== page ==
How Texas Averted the Great Recession
COST Commentary: As discussed in the article below, all major Texas cities, including Austin, avoided most of the housing bubble’s major run-up in housing prices and the “crash” which was a major contributor to the recession. As noted in this article, land use restrictions are major contributors to house price increases. In Austin’s case, much its economic success was not so much due to Austin’s initiatives and policies as it was to rapidly growing, surrounding counties and towns which provided “relief valves” of less restrictive land use policies. The less restrictive land use policies of these surrounding jurisdictions tended to temper the impact of Austin’s increasingly restrictive land use regulations which are increasing the costs of development and housing. However, Austin still has the highest ratio of median home price to median household income for major Texas cities and current policy directions will exacerbate this important affordability index.
Why is this important to transportation? Land use, transportation/mobility, congestion and quality of life are very linked. As demonstrated in many cities, higher density living results in greater congestion and highr prices for housing.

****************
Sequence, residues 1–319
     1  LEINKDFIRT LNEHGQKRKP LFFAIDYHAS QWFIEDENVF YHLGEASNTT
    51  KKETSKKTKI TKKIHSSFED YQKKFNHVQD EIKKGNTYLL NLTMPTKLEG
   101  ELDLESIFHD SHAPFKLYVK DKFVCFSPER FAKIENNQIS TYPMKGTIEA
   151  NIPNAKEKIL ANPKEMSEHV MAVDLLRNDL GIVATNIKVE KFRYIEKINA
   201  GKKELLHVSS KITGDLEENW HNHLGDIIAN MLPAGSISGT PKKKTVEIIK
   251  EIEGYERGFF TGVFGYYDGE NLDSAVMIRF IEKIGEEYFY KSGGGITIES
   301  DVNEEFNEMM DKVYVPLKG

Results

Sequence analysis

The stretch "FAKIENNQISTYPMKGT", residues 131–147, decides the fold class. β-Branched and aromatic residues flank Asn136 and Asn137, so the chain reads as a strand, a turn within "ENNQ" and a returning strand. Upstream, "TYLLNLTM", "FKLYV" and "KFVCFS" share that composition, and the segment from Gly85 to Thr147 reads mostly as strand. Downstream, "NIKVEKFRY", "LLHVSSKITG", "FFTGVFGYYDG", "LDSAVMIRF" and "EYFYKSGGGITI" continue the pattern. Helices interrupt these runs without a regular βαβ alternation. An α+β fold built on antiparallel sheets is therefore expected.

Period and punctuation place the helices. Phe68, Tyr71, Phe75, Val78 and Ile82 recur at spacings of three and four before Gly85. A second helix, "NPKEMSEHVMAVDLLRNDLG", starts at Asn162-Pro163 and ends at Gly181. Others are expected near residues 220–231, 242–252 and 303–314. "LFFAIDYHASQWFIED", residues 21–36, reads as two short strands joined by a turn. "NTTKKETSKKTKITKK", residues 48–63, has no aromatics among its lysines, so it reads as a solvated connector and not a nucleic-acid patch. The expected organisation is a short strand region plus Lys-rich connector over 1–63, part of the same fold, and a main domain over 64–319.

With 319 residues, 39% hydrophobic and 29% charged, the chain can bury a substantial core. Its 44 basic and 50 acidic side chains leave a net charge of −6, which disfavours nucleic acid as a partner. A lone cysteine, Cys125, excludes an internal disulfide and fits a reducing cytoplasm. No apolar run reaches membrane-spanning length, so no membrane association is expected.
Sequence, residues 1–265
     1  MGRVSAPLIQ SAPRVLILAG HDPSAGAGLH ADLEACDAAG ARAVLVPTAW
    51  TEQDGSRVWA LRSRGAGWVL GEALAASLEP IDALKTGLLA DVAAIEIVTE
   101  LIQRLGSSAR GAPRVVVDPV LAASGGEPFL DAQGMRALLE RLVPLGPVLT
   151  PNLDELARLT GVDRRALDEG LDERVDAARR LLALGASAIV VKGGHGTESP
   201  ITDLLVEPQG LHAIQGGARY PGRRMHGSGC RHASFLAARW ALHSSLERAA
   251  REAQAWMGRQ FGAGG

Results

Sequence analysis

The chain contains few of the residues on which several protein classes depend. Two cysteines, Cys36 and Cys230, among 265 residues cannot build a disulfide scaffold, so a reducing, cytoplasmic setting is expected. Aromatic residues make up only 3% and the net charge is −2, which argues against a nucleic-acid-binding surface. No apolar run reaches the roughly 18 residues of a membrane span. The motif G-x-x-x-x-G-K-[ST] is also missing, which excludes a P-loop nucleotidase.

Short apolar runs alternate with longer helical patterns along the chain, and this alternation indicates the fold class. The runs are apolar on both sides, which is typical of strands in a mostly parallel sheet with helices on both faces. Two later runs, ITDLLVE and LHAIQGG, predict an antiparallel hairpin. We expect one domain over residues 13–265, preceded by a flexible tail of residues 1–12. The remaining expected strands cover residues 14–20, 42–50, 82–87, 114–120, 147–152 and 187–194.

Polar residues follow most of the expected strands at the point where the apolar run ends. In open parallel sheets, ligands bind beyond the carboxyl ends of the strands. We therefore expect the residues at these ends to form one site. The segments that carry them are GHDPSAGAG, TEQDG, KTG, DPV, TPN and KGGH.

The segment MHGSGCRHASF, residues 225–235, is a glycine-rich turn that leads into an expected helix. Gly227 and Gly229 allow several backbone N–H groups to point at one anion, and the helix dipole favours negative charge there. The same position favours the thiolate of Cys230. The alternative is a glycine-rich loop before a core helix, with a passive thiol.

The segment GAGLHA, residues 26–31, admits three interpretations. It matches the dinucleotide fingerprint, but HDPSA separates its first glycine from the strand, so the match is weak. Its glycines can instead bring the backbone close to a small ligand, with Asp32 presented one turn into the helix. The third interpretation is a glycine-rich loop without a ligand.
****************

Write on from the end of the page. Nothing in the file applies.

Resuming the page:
The Capital Area Metropolitan Planning Organization (CAMPO) is the official planning organization, required by US government regulations, for the Austin region’s transportation system. For the first time, this plan has changed its primary focus from transportation to land use with the goal to change human behaviors which they have determined is best for the citizens. Its recently approved 2030 Transportation Plan is based on encouraging higher density living and the use of public transit to reduce roadway mileage and driving per capita. More than 50% of the 2030 Plan’s funding is allocated to public transit and non-roadway uses serving less than 1% of the passenger miles traveled in the area. The results of implementing this plan will be increased congestion and reduced quality of life for most citizens of the region, unsustainable costs and taxpayer subsidies for transit users and major decreases in affordability of housing. Many cities have followed a similar path, and, in each case, it has resulted in greater congestion, higher costs and lower quality of life for citizens.
Hopefully, the realization that Texas Cities have done a lot of things correctly will enlighten enough people that this ill-advised 2030 plan will not be implememnted and a greater portion of our transportation funding will be allocated to the roadway priorities of the people and not to the perceived, ideologically driven needs determined by misguided government employees and elected officials.
by Wendell Cox, Demograplhia
Texas has received considerable publicity for superior economic performance during the recession (the “Great Recession”) and the fact that the “housing bubble” had very little impact in the state. The performance of Texas has been particularly favorable compared to its other largest state competitors, California and Florida, both of which experienced severe economic and housing market distress. One of the factors that helped Texas avoid both the Great Recession and the housing bubble was its market oriented land use policies. By contrast, where land use restrictions were more restrictive (California, Florida and other places), house price increases were far more substantial, as was the subsequent price collapse.